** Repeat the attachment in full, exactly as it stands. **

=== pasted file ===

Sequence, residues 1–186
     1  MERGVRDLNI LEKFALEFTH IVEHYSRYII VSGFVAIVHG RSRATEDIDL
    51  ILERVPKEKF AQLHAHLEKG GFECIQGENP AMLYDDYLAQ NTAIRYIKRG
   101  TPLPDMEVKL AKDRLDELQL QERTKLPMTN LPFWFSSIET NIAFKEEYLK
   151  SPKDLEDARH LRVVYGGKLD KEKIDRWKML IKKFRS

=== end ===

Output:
Sequence, residues 1–186
     1  MERGVRDLNI LEKFALEFTH IVEHYSRYII VSGFVAIVHG RSRATEDIDL
    51  ILERVPKEKF AQLHAHLEKG GFECIQGENP AMLYDDYLAQ NTAIRYIKRG
   101  TPLPDMEVKL AKDRLDELQL QERTKLPMTN LPFWFSSIET NIAFKEEYLK
   151  SPKDLEDARH LRVVYGGKLD KEKIDRWKML IKKFRS